The Joyful Slim website is still live (because they sell other products) but contains this ironic image:

A reason to shop from them is that they let you know about product recalls? Well, I guess that's a nice consumer feature. (From joyfulslim.com on 27 July 2010)

The FDA press releases to which I’ve linked (1, 2) contain information for the consumer on returning the products for refund and reporting any adverse reactions associated with product use.

This is cheating, my friends, and these are only the cases that are detected by the FDA. These incidents make me wonder just how many cases of reported dietary supplement efficacy are due to physiologically-active adulterants – the abundance of clinical trial failures of well-characterized, chemically-qualified herbal supplements may speak to this very issue.

GAO report on dietary supplement flaws released today in Senate hearing

Regular readers know that I hold equivocal views of the broad area of dietary supplements, particularly botanical supplements. On one hand, I have seen some great new compounds come from the systematic investigation of herbal and fungal concoctions to the point that 25% of prescription drugs are derived from natural products. On the other hand, some corners of the dietary supplement industry are little more than turn-of-the-last-century snake oil operations, with offenses so egregious that even their own trade associations try to distance themselves from those who adulterate, mislabel, and misrepresent their wares.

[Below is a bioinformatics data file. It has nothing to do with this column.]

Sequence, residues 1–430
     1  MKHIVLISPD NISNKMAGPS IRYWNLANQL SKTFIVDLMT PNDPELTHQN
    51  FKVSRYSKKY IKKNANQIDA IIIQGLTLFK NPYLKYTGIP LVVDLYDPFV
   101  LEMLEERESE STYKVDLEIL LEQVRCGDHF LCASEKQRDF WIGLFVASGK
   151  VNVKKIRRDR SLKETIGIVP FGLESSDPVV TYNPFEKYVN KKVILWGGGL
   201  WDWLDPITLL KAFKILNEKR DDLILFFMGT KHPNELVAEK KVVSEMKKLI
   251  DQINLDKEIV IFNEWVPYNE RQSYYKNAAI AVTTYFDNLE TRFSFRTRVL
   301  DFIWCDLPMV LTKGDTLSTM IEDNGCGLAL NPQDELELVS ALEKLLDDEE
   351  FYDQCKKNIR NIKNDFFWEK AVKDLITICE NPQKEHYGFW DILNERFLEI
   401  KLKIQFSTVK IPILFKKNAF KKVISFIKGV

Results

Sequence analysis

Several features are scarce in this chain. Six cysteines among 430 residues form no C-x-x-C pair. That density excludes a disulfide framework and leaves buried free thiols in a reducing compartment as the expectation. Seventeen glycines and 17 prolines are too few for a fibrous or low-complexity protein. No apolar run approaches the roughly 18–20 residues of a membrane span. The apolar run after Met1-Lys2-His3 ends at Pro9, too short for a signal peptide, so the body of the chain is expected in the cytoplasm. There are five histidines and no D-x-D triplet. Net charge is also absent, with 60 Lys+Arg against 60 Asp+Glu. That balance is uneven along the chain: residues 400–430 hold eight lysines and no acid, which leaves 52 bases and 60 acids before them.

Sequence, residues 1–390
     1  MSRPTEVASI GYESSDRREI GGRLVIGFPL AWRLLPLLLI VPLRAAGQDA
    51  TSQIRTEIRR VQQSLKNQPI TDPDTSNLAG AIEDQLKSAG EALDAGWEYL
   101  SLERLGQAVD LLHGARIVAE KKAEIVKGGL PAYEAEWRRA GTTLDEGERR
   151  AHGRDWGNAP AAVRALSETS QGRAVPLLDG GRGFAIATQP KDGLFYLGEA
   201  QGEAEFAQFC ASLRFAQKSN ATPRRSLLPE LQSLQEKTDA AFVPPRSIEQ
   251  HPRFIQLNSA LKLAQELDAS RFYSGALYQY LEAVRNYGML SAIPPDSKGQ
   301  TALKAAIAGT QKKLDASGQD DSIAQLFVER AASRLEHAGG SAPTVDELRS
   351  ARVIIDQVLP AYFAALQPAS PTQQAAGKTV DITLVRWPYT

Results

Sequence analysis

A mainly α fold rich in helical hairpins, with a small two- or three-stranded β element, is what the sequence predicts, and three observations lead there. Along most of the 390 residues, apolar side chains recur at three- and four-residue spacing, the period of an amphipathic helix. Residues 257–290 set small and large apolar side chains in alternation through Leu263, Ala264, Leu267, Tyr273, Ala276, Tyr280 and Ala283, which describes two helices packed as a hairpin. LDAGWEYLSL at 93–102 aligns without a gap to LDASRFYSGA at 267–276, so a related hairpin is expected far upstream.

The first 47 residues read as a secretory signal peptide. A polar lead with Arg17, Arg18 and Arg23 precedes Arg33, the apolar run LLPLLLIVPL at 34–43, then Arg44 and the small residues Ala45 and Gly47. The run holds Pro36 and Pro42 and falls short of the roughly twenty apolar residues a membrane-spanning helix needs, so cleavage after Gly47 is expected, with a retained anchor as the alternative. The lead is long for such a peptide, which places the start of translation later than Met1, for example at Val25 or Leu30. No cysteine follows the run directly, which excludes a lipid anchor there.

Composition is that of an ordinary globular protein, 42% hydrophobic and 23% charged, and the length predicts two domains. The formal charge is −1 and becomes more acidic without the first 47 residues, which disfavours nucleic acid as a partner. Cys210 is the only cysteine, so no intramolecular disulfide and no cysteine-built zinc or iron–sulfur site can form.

Just use the search box in the left sidebar and search this blog for “adulteration” to get a flavor for some examples (here, I’ve done it for you). Here’s one I haven’t gotten to that I just found thanks to the article mentioned below: the May 1 FDA consumer warning (but not recall) on Vita Breath supplement (for plumb fresh breath!) because it contains 10,000 times the lead content permitted in candy.
In today’s New York Times, Gardiner Harris gives us a preview of a report from the US Government Accountability Office (GAO) that will be presented to a Senate hearing in preparation for an overall plan on US food safety.

Nearly all of the herbal dietary supplements tested in a Congressional investigation contained trace amounts of lead and other contaminants, and some supplement sellers made illegal claims that their products can cure cancer and other diseases, investigators found. . .
. . . Senator Herb Kohl, a Wisconsin Democrat who will preside over Wednesday’s hearing of the Senate Special Committee on Aging, said that while improvements had been made in recent years in the oversight of supplements, “the F.D.A. needs the authority and tools to ensure that dietary supplements are as safe and effective as is widely perceived by the Americans who take them.”